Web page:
Bouwe Bekking on Leg 2 of the Volvo Ocean Race
[Source: Bouwe Bekking] Leg 2 of the Volvo Ocean Race 2008/09 starts Saturday, November 15th. This time the fleet faces 4,450 nautical miles from Cape Town, South Africa, to Cochin, India, the first completely new and unknown leg of the race to be sailed by the eight participating boats. No knowledge of these waters means that the teams will have to rely on statistics instead of experience. Now in his sixth round the world race, Bouwe Bekking feels confident in the days before the start of the second leg thanks to the preparatory work done with navigator Simon Fischer.
"We have studied data of this area collected from the last 16 years, so we have good understanding of what can happen in general. But clearly it will be a matter of keeping an open mind and adapting as we go along." 16 years means 16 different situations for this time of year to study, but prudence may be the key to success, or in Bouwe's words: "Stay close the fleet, and don't do anything drastic, that's our idea for this Leg. I think the boat will do all the good work for us."
Strategy plays a very important role on this Leg, especially when one faces light to medium conditions, which is the theoretical situation for most of Leg 2. "Hang in there for the first couple of days and then strike once getting close to the equator," Bouwe explains. The weather forecast for these first days of racing may shows a contrasting scenario in comparison to the theory, but the team of TELEFONICA BLUE is working with the forecast they have been given: "First we can go upwind as we leave Cape Town, then run in big breeze once we start heading North in the Indian Ocean."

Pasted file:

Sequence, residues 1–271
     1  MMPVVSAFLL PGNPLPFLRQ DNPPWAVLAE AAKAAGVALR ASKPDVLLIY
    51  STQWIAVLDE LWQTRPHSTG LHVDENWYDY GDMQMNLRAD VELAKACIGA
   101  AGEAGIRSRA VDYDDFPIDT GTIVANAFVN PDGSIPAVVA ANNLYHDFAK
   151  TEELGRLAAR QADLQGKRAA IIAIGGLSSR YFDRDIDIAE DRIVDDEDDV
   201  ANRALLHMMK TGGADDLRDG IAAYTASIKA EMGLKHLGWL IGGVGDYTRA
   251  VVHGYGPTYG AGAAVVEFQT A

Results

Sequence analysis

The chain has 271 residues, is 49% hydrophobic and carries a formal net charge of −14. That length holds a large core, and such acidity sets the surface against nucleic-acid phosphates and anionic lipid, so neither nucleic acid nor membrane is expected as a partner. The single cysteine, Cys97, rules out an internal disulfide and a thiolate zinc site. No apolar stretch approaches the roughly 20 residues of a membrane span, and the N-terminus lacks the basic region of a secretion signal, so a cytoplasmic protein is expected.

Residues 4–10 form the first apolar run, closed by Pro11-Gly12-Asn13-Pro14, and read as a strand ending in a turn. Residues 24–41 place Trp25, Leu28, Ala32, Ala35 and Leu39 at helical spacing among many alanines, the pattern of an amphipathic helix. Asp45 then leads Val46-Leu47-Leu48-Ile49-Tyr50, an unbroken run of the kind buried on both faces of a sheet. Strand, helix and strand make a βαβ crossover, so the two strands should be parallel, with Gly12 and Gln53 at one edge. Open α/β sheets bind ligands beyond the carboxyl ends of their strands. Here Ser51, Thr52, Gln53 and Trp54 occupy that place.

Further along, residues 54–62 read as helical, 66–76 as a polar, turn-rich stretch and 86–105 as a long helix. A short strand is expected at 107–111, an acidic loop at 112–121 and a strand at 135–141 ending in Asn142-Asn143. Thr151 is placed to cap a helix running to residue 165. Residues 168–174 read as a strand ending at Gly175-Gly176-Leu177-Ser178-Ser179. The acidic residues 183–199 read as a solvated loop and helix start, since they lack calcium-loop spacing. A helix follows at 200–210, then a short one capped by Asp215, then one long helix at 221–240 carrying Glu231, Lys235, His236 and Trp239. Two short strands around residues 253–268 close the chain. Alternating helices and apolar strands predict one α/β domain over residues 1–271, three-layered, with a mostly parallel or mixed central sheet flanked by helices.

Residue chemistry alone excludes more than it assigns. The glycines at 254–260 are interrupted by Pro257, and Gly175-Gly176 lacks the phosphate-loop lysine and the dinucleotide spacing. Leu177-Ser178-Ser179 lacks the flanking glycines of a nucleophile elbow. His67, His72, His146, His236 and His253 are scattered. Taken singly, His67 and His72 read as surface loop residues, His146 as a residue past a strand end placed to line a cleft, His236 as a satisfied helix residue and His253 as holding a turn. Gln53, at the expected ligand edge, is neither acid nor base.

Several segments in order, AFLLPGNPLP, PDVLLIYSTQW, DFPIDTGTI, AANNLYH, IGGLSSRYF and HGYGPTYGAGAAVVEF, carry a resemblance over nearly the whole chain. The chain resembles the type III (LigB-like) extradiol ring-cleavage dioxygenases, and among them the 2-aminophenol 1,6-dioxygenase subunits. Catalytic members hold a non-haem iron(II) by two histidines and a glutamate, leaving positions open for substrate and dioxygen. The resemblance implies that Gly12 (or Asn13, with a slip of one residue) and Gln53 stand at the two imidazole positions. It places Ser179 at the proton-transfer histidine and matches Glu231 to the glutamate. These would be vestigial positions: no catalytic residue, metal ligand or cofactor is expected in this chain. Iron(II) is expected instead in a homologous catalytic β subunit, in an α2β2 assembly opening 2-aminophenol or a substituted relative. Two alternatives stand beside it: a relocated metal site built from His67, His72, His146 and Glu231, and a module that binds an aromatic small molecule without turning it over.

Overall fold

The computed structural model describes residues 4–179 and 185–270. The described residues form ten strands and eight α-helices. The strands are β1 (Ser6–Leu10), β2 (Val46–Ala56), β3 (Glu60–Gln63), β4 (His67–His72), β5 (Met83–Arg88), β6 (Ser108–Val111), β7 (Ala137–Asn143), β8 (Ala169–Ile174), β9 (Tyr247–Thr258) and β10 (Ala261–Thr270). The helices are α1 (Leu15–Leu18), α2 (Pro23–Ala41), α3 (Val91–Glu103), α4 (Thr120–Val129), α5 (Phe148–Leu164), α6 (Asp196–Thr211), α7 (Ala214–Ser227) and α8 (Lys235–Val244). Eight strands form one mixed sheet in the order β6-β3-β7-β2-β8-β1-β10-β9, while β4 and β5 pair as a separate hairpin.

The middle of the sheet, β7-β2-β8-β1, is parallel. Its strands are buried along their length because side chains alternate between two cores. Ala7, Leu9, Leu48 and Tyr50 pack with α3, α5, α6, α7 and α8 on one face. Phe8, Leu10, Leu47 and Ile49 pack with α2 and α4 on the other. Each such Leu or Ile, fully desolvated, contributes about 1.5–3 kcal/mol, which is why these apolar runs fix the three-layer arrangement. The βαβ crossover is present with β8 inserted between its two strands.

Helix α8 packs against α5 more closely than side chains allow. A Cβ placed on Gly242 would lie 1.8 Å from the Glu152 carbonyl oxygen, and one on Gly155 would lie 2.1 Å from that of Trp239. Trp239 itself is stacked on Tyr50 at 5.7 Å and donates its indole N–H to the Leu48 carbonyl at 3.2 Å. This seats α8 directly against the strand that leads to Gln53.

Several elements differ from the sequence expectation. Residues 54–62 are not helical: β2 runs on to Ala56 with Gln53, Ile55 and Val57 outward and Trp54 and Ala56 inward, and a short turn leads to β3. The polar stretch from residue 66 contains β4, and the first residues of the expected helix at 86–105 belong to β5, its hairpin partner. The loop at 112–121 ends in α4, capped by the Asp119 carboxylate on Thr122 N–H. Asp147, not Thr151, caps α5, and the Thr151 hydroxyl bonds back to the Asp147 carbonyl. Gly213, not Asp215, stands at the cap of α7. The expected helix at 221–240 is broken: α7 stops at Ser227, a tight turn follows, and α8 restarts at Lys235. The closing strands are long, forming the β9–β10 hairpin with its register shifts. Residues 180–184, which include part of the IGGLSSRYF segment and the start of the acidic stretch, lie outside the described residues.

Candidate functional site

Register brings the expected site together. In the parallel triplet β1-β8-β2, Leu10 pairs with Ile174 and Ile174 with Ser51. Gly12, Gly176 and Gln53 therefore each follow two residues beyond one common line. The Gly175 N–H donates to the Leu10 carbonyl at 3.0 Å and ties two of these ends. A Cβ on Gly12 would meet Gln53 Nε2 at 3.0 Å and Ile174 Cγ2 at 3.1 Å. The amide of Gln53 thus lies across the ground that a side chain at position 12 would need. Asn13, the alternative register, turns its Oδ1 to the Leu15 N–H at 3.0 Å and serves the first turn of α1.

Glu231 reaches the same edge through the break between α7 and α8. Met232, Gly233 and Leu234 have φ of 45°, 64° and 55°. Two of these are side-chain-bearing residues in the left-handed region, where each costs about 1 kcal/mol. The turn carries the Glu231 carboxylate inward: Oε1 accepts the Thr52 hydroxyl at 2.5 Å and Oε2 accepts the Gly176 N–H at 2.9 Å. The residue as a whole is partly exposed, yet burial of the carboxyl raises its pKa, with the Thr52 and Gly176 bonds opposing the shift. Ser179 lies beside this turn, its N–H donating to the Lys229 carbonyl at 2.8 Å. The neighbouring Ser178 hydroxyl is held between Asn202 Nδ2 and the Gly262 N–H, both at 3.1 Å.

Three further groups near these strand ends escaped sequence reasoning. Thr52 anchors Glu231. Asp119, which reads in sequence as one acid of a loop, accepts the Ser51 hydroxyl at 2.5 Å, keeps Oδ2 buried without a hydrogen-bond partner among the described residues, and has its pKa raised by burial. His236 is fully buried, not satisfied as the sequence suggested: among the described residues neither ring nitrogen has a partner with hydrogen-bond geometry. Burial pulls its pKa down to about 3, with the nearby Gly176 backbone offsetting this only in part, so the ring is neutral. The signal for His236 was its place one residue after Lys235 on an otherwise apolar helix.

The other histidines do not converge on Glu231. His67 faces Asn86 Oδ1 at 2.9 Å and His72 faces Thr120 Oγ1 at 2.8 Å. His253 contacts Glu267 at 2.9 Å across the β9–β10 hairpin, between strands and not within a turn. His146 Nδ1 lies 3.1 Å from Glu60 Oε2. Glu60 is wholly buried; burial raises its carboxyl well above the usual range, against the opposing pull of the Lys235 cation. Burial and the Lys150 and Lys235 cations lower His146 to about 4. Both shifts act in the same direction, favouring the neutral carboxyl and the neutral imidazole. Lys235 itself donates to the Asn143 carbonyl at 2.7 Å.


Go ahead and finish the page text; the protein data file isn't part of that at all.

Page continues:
Big breeze is exactly what hit Cape Town this last week with gusts up to 60 knots, an unwelcome and unexpected situation that is destroying the teams' schedules. "The locals have told us that it is never like this. We have been talking about what you would do if you had conditions like this at the start; common sense says you wait until the gale is over. But if you see others leave, you can't stay behind. Luckily we don't have to make that decision, as the wind will lighten off. The topic of discussion for the last few days has been how quick you can be back on the water after these stormy days here in Cape Town. My opinion is not to rush as I prefer to keep everything in one piece."
Since the finish of the first Leg some of the teams have made crew changes. This is not the case with TELEFONICA BLUE as Bouwe explains: "I was happy with my team, so there is no reason for changes. I could see very good progress and development of our team members so it would be shame to get them off, and have to build up somebody else again. We are on the right track."
"The crew is feeling confident and are fit. Of course we have had a little set back with the weather, but that is the same for all the others. We are on top of things."
Time is too short in Cape Town
This first stopover of the Volvo Ocean Race 2008/09 has been short and perhaps even too short. For Bouwe Bekking's team, the stopover lasted just 12 days before the restart of the race. "I haven't seen much of Cape Town this time; it was home, base, home, base... Marginal time for recovering, it would have been way better with another 5 days!"
Luckily, the 6,500 nautical miles from Alicante to South Africa have not been so bad for the health of the blue Spanish VO70. "The job list was relatively small, with the only 'big' changes being in relation to the sails," Bouwe explained.
Speaking about changes, we take a look at the load of the boat for this second leg, which will be shorter than the previous one but pretty tricky in terms of calculating the route and the amount of days on the water. "We have made some changes to our food and have adjusted our calculations for fuel consumption, based on the experiences learned on Leg 1." Clothing is another area that has undergone changes. The route from Cape Town to Cochin leads the fleet across the equator for the second time, but also passes through areas where low temperatures will mean more clothing required than usual: "Basically we are bringing everything to cover both the cold parts and the hot bit at the end, so it's a relatively big wardrobe."